India’s cricket bosses, who steadfastly refused to change their century-old rules of governance, will now be forced to change. When the recommendations made by the RM Lodha panel were approved by the Supreme Court in July last year, it was clear that the top court was not stopping at ending conflict of interest in the world’s richest cricket association. In the aftermath of the 2013 IPL betting and spot-fixing scandal, the Supreme Court stated that the BCCI was discharging a public function and even though it wasn’t dependent on government grants, it was accountable to the public and the country’s law. The removal of former cricket strongman and Chennai Super Kings owner N Srinivasan as BCCI boss was the first step to reform a BCCI that has often been branded as a “cosy” club where power circulated in the hands of a vested few.
Srinivasan wasn’t found to be corrupt but his biggest mistake was that he didn’t punish Gurunath Meiyappan despite knowing that his son-in-law, a CSK team official, was indulging in betting. The Lodha panel was an extension of the Mukul Mudgal committee that probed the IPL scandal. Lodha’s proposals, which were made binding on the BCCI, made the Board mandarins squirm. Saying its autonomy was being challenged, the BCCI found several Lodha proposals hard to implement.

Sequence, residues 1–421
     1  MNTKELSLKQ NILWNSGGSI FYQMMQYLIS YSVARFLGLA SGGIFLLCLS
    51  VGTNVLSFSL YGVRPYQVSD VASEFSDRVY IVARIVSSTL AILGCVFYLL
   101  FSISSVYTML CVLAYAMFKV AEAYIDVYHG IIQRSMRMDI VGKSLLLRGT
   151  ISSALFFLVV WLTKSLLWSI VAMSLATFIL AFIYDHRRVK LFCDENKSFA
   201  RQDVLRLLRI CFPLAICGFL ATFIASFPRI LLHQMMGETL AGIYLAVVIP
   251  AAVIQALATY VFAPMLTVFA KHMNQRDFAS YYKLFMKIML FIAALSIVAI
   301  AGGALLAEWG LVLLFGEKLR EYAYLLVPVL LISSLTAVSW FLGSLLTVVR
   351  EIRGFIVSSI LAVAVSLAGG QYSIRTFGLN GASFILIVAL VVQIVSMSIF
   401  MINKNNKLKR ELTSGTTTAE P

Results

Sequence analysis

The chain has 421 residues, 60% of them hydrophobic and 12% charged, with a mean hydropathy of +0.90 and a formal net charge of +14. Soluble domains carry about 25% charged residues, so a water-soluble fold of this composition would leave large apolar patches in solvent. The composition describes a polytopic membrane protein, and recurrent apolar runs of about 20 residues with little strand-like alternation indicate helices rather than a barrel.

For almost six months, the BCCI refused to accept the age and tenure cap and the one state one vote policy. This was expected. States like Maharashtra and Gujarat have multiple votes and they have often played kingmakers. Justice Lodha suggested a rotational voting policy, that wasn’t acceptable.
A clutch of senior administrators read the Supreme Court mood very well. Sharad Pawar, who is 76, quit as Mumbai Cricket Association president. Anurag Thakur, only 42 and the BCCI’s youngest president, wanted to fight it out. And lost out.
It doesn’t really. Since July third week when the court proceedings began, India have played three long series – versus West Indies, New Zealand and England. Virat Kohli’s young Turks did not lose a single Test in 2016 and ended the year as the world No. 1.
There was personal glory too. Ravichandran Ashwin won two ICC awards – Cricketer of the Year and the Test Cricketer of the Year -- for the first time after Rahul Dravid in 2004. Kohli’s was named ODI captain of the year not only by the ICC but by Cricket Australia as well.
Cricket won’t stop. Fans won’t stop paying their way in as long as Kohli scores a century and Ashwin runs through opposition.
As one of the judges said: “Administrators come and go. People come to watch the cricket stars. Anurag Thakur’s sacking is a template for other sports and a victory for cricket at large.”